Of course, as replied elsewhere, you need to use the double quotes for string values.

share|improve this answer
add comment

If you want to solve this with multi-dimensional arrays, as @Forrest says, you need [3][5][5]. Look at it this way: in the initializer, find the outermost braces: inside that, on the top level, how many elements are there? 3. Now, each of these elements (one level in), how many elements? 5. Drilling further down, inside each of those, you have a string of 4 elements, plus one for the terminator, again 5.

Second error: you can only ever have one character in single quotes, like 'a'; that's char type, and equivalent to ASCII code (97 in this case). For strings, you have to use double quotes ("abc", which is equivalent to {97, 98, 99, 0}).

Third error: loops. You are not actually iterating over all three loops while printing a string at a time (since printf will actually do one of the loops for you) - so you should only have 2 loops (or, less efficiently, you can keep all three loops, but then print only a character at a time). Also, you need to be aware of the loop limits; you are going up to 5 in each case, but this will give you runtime garbage (in the best case) or runtime crash (in the worst case) when you go out of your [3] dimension. Thus, something like this:

Then again, your innermost loop is inconsistent in your variable usage (copy-paste error).

However, there will almost never be need to write code like this. You mainly use 2D arrays for matrix operations. Something like this should only have a one-dimensional array, storing record elements.

struct currency {
    int     id;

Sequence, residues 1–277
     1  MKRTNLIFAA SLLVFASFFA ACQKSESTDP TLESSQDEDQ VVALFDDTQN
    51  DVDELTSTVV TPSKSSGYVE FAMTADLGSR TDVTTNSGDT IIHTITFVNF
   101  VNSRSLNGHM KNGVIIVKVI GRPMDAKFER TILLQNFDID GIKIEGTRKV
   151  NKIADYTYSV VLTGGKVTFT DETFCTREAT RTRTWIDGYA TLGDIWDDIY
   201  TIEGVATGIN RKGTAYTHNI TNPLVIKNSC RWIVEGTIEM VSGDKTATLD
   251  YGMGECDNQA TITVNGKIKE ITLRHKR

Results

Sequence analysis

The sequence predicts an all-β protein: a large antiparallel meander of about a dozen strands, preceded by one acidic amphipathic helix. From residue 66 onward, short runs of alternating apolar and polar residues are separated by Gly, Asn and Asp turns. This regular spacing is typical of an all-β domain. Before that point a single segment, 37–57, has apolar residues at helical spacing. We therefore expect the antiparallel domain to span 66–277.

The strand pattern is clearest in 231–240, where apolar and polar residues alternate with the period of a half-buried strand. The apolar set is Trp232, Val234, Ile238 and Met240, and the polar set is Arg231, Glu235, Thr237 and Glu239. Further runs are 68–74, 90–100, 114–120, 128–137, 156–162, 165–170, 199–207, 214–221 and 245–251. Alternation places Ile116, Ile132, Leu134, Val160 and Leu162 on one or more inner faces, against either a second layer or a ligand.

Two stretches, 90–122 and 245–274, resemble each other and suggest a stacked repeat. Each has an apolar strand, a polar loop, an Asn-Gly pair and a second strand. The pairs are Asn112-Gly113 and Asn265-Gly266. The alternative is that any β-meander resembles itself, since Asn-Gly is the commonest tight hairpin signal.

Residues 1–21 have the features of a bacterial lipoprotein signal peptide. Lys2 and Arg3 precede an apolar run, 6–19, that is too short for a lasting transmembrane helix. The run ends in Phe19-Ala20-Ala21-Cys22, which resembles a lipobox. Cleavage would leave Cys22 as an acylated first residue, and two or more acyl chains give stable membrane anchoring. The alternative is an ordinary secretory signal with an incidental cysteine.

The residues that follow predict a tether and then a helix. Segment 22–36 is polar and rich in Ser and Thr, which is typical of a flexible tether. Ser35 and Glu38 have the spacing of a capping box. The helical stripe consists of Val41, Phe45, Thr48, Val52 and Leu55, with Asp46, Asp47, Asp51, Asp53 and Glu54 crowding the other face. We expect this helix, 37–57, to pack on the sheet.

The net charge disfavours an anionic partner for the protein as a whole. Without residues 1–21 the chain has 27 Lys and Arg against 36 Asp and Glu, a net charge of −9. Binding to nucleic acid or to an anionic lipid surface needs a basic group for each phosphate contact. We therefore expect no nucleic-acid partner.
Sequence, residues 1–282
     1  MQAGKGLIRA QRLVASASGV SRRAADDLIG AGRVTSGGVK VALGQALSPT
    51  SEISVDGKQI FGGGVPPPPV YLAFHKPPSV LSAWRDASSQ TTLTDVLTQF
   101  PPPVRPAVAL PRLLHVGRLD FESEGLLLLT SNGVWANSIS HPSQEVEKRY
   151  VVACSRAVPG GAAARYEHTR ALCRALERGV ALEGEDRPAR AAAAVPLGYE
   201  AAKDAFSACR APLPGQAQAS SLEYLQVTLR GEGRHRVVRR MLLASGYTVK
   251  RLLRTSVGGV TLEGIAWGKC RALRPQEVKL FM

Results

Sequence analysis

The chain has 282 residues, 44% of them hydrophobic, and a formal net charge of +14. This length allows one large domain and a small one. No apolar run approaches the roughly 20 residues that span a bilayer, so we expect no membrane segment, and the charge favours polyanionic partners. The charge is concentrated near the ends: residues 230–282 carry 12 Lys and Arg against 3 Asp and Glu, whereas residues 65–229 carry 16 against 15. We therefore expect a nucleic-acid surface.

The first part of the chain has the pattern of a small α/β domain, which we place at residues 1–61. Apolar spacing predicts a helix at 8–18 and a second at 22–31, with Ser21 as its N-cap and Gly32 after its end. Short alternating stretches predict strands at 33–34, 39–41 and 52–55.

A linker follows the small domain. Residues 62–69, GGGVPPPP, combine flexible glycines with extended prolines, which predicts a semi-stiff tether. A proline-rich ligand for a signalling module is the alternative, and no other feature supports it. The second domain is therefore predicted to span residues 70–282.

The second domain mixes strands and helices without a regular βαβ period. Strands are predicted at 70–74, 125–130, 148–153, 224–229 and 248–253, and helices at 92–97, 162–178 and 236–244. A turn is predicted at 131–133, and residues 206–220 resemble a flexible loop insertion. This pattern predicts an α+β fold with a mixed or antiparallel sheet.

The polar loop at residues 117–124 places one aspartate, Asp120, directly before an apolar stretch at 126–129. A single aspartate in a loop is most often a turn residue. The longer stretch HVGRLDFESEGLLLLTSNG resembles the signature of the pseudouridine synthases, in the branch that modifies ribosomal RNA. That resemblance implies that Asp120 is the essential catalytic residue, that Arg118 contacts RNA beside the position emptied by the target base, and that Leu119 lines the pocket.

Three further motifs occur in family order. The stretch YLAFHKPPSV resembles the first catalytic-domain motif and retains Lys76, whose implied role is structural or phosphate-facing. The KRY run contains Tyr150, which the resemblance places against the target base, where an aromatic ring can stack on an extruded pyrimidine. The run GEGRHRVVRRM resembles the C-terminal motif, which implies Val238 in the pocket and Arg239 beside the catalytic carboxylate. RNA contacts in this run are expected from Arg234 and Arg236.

char[4] symbol;
    float   value;
} currencies[5];
share|improve this answer
add comment

You don't need to store the indices (1-5) as you can access the array (0-4) and thus know the indices. You can encapsulate the other values in a struct or two seperate arrays which gets your array(s) down to one dimension as it should be... In that way the items have proper types and you don't misuse two-dimensional arrays.

A 2D or 3D area shouldn't be filled with items that should be of a different type, it is needed when you have items that are of the same type and have a logic 2D or 3D structure. The pixels on your screen are a good example of something that needs a 2D structure, coordinates in a 3D graph are a good example of something that needs a 3D structure.

share|improve this answer
    
The question was specifically said to be about C, not C++; it's not fair confusing him with STL and constructors. He'll just end up wondering why it won't compile. –  Amadan Jun 27 '10 at 22:21
    
I didn't note that detail, adjusted! Sad that I spend some time to type that out... –  Tom Wijsman Jun 27 '10 at 22:28
add comment

Your Answer

 
discard

By posting your answer, you agree to the privacy policy and terms of service.

Not the answer you're looking for? Browse other questions tagged or ask your own question.